Operators finally with something to cheer about
After a long dry spell — beginning with the closing of the summer flounder season in New Jersey on Sept. 5 — bait and tackle shops and charter and partyboat operators finally had something to cheer about beginning with this past weekend.
That good news came in the form of the reopening of the black seabass season, which had closed at the end of August.
Anglers knew there were plenty of the popular fish about because they were catching them continuously since the season shut down. Of course, all of those fish had to be released.
So the word was around and anglers were lined up before the shops opened their doors, and for two hours before the headboats were scheduled to sail. If anyone was disappointed with the results I don’t know who it could have been because the majority of those targeting the fish came home limited out.
Adding to the enjoyment was some absolutely spectacular weather ... much more like mid-August than late October.
But there was more than just black seabass out there.
A number of people reported catching a variety of other species, including numerous triggerfish, bluefish and porgies. There also were quite a few big summer flounder hooked and that was a disappointment when they had to be released.
A couple of the partyboat skippers told me their pool was won by a triggerfish, since they tend to be much larger that most seabass.
All of that great action came to an abrupt halt Tuesday, when a weather front moved through the area and made the ocean a washing machine. However, by Wednesday things were calming down, and the anglers were ready to go again.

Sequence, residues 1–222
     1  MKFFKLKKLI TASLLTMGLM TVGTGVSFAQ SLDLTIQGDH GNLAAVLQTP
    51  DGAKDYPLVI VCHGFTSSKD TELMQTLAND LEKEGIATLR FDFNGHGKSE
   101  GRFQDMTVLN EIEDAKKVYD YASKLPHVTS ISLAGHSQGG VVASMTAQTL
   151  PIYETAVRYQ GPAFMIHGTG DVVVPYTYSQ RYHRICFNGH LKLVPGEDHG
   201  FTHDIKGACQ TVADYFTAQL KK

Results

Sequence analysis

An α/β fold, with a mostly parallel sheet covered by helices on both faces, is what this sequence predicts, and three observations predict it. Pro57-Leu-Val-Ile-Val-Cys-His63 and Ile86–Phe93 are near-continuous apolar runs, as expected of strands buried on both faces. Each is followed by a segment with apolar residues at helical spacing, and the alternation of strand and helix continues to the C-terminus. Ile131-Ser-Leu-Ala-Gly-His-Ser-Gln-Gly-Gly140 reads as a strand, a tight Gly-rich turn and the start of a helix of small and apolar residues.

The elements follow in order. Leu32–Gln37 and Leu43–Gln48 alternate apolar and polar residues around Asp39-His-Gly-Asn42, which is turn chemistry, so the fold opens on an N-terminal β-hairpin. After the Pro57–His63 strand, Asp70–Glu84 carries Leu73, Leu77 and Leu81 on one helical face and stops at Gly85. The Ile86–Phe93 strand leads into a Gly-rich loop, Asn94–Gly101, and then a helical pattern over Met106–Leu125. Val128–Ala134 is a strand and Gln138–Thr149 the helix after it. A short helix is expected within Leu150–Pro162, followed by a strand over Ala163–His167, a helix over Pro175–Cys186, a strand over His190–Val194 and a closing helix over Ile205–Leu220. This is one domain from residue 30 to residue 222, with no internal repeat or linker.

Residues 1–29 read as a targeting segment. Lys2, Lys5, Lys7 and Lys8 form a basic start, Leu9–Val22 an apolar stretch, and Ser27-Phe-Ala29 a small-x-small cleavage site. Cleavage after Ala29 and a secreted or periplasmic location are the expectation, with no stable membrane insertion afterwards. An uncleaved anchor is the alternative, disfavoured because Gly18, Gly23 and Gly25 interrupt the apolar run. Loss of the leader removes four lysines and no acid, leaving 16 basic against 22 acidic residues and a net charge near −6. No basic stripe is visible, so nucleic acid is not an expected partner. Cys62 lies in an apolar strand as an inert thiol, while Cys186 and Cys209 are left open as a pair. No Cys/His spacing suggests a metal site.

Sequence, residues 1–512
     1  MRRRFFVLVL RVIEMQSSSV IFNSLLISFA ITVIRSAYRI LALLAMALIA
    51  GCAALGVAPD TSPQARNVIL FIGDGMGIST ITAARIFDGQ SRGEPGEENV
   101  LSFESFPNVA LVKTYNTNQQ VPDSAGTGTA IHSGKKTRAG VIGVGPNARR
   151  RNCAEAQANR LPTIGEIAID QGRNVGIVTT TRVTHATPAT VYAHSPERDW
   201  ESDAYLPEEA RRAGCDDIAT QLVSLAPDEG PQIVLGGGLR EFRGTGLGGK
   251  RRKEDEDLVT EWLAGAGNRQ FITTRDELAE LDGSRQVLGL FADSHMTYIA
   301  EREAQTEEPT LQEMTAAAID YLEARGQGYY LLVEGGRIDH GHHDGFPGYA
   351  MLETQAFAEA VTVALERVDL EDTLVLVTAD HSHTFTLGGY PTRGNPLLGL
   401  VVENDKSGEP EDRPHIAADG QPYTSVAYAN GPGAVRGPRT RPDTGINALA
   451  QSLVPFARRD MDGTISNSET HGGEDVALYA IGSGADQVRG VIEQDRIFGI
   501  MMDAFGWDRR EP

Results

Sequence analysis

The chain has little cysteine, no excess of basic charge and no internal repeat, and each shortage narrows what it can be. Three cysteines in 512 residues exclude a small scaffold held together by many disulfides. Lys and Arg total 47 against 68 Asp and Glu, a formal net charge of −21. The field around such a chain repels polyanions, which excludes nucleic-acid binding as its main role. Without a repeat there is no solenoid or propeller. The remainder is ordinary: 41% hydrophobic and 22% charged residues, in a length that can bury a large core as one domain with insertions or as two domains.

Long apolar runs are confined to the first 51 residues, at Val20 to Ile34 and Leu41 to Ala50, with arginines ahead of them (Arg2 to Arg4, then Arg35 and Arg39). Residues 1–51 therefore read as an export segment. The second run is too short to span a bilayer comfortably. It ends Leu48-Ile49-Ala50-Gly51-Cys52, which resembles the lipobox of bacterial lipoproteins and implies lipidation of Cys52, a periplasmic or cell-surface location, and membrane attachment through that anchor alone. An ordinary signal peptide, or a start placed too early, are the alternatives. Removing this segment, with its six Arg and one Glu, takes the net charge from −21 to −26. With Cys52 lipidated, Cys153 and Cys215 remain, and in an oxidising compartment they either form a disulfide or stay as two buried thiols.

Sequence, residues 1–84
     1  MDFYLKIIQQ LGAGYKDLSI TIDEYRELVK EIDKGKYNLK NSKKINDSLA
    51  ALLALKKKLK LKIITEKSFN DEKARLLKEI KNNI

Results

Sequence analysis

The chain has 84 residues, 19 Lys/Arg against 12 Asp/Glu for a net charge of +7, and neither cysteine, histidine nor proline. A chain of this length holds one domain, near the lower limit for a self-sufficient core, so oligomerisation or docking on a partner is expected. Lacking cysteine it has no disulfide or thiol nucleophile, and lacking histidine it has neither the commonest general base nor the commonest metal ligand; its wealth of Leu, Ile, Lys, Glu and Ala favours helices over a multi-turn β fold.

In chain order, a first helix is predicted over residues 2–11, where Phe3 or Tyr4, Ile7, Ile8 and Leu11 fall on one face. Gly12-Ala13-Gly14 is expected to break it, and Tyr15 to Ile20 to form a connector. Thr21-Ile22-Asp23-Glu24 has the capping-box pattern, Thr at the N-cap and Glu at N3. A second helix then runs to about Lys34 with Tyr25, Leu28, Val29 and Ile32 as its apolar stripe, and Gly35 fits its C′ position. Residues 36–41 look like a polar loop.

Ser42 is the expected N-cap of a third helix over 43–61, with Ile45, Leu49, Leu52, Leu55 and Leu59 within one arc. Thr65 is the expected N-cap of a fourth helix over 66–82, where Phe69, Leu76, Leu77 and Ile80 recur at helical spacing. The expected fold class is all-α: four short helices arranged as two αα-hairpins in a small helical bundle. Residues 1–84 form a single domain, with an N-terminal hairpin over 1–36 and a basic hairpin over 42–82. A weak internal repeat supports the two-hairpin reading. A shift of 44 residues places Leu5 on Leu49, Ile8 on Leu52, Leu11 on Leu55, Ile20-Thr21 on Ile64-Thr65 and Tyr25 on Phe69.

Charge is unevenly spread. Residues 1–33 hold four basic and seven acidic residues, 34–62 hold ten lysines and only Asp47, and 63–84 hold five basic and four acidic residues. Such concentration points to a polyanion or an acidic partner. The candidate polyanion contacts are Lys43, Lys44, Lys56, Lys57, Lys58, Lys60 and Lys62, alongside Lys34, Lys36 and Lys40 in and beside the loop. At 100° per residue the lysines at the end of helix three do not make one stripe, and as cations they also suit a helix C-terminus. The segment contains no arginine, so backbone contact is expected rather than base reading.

I know several anglers who fish for nothing but seabass. In fact, once the season closed, they did not fish again until this past weekend.
These people all have their freezers well stocked with the fish, and they all brag about the numerous recipes they have for enjoying them throughout the winter.
As the water temperature continues to fall, the striped bass action continues to increase. It still is nowhere close to being hotand-heavy, but the numbers are getting better and so is the size.
ACROSS THE BAY
Salt water fishing in Delaware really has taken off with the dropping water temp.
There are some stripers being taken in the Roosevelt Inlet, and black drum now are turning up on some of the Delaware Bay wrecks. This has not been an especially good season for black drum, so it is nice to see that the action is picking up. None are the giants, but they seem to be averaging about 20-pounds.
Seabass seem to be everywhere; and from what I have heard from those targeting them, the bait you use is not that important. They are hitting hungrily on everything from squid to sand fleas.
Indian River Inlet has been the home to some nice mid-sized blues averaging about 10-pounds.
Because of their carnivorous nature, bluefish tend to school with others blues of the same size. Smaller ones know if they try to mix in with their big brethren, they will get eaten. In Rehoboth Bay, I am getting reports of nice sized sheepshead.
One surfcaster fishing Cape Henlopen Point last week got quite a thrill when he hooked into a five foot thresher shark. I’ll bet that fight attracted a crowd of onlookers.
In the ocean, the DelJer Reef and Sites 10 and 11 have been loaded with seabass, as well as numerous summer flounder up to about six pounds.
And to end this week’s report, I am pleased to say the crabbing remains super hot. Check your favorite bait shop for hints on where to drop your crab lines and traps.